Northern Prairie Wildlife Research Center
Wild populations continue to succumb to "fungal blight," for which there is no known remedy. Habitat management can do little to minimize the disease, but germplasm is being conserved through propagation of cuttings.
A study of on-site preservation of Florida torreya by The Nature Conservancy, now largely completed, has greatly improved census information on wild populations. Cuttings from the trees are propagated, and sets are provided to widely dispersed botanical gardens in Florida and Georgia for further propagation.
Continued inventories of wild populations are needed, along with establishment of garden collections of torreya germplasm. It is hoped that planned restoration of the original fire regime in longleaf pinelands adjacent to torreya habitat may have a modest smoke fumigation effect, reducing fungus infections.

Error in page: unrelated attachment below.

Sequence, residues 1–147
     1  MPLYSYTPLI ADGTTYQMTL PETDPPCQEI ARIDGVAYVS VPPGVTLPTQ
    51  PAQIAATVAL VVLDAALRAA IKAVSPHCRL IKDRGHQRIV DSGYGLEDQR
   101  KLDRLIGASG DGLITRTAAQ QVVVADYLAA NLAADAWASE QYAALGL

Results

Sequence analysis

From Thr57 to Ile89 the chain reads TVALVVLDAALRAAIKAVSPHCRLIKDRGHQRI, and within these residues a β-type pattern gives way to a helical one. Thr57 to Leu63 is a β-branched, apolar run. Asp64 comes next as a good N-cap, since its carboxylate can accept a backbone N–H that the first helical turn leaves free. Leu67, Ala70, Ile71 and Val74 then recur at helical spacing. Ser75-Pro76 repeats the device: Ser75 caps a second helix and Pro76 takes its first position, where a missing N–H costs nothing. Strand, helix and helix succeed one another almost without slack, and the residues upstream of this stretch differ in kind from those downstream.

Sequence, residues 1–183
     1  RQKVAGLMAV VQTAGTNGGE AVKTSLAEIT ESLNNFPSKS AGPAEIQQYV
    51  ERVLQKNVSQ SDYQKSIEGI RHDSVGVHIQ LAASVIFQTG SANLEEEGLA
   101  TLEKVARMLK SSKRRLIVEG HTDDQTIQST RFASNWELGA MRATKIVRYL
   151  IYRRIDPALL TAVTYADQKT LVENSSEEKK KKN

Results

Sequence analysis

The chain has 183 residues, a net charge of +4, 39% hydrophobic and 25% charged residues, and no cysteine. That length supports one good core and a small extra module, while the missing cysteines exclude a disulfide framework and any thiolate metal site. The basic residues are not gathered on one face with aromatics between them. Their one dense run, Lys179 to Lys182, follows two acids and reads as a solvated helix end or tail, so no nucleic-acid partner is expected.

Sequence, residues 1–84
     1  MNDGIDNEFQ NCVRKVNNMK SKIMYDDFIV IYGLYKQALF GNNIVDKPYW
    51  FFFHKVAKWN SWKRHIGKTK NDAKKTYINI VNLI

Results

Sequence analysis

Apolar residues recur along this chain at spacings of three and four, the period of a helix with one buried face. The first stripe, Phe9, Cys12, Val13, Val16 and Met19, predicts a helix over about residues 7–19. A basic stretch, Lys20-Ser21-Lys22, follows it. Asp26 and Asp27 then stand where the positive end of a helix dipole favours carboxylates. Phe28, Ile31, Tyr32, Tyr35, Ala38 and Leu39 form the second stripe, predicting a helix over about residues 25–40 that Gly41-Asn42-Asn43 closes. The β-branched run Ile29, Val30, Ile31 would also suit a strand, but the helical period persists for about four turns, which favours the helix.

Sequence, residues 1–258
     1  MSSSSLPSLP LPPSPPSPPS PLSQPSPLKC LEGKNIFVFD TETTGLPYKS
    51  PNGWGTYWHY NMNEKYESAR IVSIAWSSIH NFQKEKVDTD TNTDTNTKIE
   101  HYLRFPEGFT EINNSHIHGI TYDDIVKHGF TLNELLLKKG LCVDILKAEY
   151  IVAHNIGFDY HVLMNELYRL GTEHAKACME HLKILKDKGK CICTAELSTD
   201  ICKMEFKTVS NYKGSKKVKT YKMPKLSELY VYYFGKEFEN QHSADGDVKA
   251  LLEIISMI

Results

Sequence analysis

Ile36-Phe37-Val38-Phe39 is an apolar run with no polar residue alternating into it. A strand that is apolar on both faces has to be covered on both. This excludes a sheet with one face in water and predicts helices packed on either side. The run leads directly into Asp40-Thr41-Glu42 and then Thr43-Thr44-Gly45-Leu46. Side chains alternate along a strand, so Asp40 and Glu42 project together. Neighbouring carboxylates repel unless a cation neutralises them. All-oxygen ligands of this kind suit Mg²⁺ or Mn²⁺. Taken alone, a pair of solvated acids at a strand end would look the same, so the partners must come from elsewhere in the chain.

The State of Georgia received $1,000 in FY 1991 and, through the Georgia Freshwater Wetlands and Heritage Inventory, conducted an inventory of the 25 remaining stems in the wild in Georgia and provided financial support for propagation of the species at the Atlanta Botanical Garden.
Army Corps of Engineers: The Corps owns a small but important area of torreya habitat that it is managing well.
Atlanta Botanical Garden: This non-profit enterprise currently is propagating torreya trees in a greenhouse. The trees will be planted outdoors when they are larger and are showing vertical shoot growth.
Plan approved 9/9/86.